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Thread: Panasonic DMC-TZ20 Hands on review

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    Default Panasonic DMC-TZ20 Hands on review

    Introduction

    This review will be on the Panasonic DMC-TZ20. The last camera I've touched that is related to this camera was years ago, the DMC-TZ7 and it sure has changed a lot.

    This camera features a:
    • 14.1 megapixel sensor


    • 16X optical zoom


    • Leica DC lens


    • Power O.I.S (Optical Image Stabilization)


    • resistive touch 3" screen (Its pressure sensitive rather than being similar to iPhone/pad products


    • 24mm (35mm equiv) wide angle lens


    • 10fps burst shooting


    • GPS


    On the box, it also says it records full HD (1080p) in AVCHD mode and has 3D shooting! Of course for some time now, it features the iA (Intelligent Auto) mode which I find pretty useful in most cases.

    This camera accepts SDXC memory cards which is something I personally think is useful especially since I don't like carrying multiple memory cards when I go overseas.

    The box includes
    • Panasonic DMC-TZ20


    • Power cable and charger


    • battery


    • USB cable to connect to the computer


    • USB to composite cable


    • Wrist strap


    • Stylus


    • Manual


    • CD

    The front


    The back


    The box


    The box closeup



    The stylus
    Last edited by spidey89; 28th May 2011 at 05:49 PM.
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    Default Re: Panasonic DMC-TZ20 Hands on review

    The side where connections are,HDMI and USB


    The top


    The ergonomics are pretty much similar to previous Lumix cameras, similar to a piece of block. The layout is pretty well laid though I personally would prefer a dedicated O.I.S switch.

    As can be seen, the GPS is on the top along with stereo mics. The video mode has been replaced with a video record button which makes recording video faster, however, I personally prefer the record button be on the back rather than the top but that's just me.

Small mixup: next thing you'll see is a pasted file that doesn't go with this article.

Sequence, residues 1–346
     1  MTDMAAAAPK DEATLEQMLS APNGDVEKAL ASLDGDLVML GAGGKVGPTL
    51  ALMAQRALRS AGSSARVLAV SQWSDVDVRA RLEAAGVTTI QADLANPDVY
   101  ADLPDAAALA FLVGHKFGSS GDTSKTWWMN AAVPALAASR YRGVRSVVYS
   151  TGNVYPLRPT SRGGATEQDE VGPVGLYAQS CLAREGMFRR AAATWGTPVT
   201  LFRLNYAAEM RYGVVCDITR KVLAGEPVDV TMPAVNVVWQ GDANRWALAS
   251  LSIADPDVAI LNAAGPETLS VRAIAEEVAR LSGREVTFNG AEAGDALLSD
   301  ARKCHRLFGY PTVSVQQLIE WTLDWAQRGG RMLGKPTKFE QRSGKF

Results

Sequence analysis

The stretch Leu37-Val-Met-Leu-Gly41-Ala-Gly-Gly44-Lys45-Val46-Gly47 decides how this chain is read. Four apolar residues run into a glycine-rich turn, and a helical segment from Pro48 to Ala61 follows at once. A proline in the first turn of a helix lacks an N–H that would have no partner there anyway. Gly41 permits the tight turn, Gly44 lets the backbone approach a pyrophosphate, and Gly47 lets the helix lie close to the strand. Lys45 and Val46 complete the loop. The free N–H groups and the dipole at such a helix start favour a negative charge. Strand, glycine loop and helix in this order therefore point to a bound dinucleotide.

Its quite user friendly. I just flipped through the user manual without really reading into it.

    Below are images testing the Power O.I.S
    Without at 1/4 sec / with IS at 1/4 sec


    I zoomed in quite making the lens somewhat a telephoto lens and that's when the IS really begins to shine. With the O.I.S on, it really helped a lot. I still had to hold and press right despite having the O.I.S otherwise, I'd probably wouldn't be able to handhold and shoot something like that. Getting a relatively sharp image
    Last edited by spidey89; 28th May 2011 at 05:37 PM.
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    Default Re: Panasonic DMC-TZ20 Hands on review

    Below is a series of ISO test images, shot on tripod changing just the ISO with the camera maintaining the exposure for me.

    ISO 100/ ISO 200


    ISO 400/ ISO 800


    ISO 1600


    Personally, without cropping or pixel peeping, its pretty good up to ISO 400. I personally would push up to ISO 800 for that grainy look that I personally love especially when processed to B&W. However, I would be a little conservative shooting at ISO 800 and would not want to be shooting at ISO 1600 especially in colour though.

    The lens is a Leica DC lens with a maximum aperture opening of f3.3 on the wide end and f5.9 on the tele end. When combined with the ISO, it isn't a low light camera but it wasn't built to be one. The iAuto mode, scene modes as well as manual modes cater to a wide variety of individuals.
    Last edited by spidey89; 28th May 2011 at 05:37 PM.
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    Default Re: Panasonic DMC-TZ20 Hands on review

    24mm (35mm equivalent) & Zoomed in, approximately 414mm (35mm equivalent)


    The camera has a pretty impressive zoom range, similar to my DSLR setup, but in a lighter more compact body and using only 1 lens instead of 2. The 21X intelligent zoom is really helpful. The colour rendition from the lens is pleasing but I personally find that the camera produces images a little on the cool side.

    Image on a typical day


    I find that the dynamic range is quite acceptable for a compact camera, though the camera decided to underexpose to retain details in the clouds causing shadow areas to lose quite a bit of detail but probably with a little bit of PP, the details in the shadow areas can still be preserved.

    The image below is just outside my door where the outside is really bright and the inside is just nice.



    As seen, the walls are nicely exposed while the stairs are under and the background over. Panasonic has included a high dynamic mode in its scene modes, pretty similar to art filters or magic filters in other cameras.
    Last edited by spidey89; 28th May 2011 at 05:38 PM.
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    Default Re: Panasonic DMC-TZ20 Hands on review

    Standard


    Art


    Black & white


    While the filter does work, it seems to only work in the shadows and not so much in the highlights. I find it interesting that they have a black and white mode which makes the image somewhat like a low contrast black and white image.

    Other than the high dynamic, Pin Hole and film grain modes are included

    Pin hole / Film Grain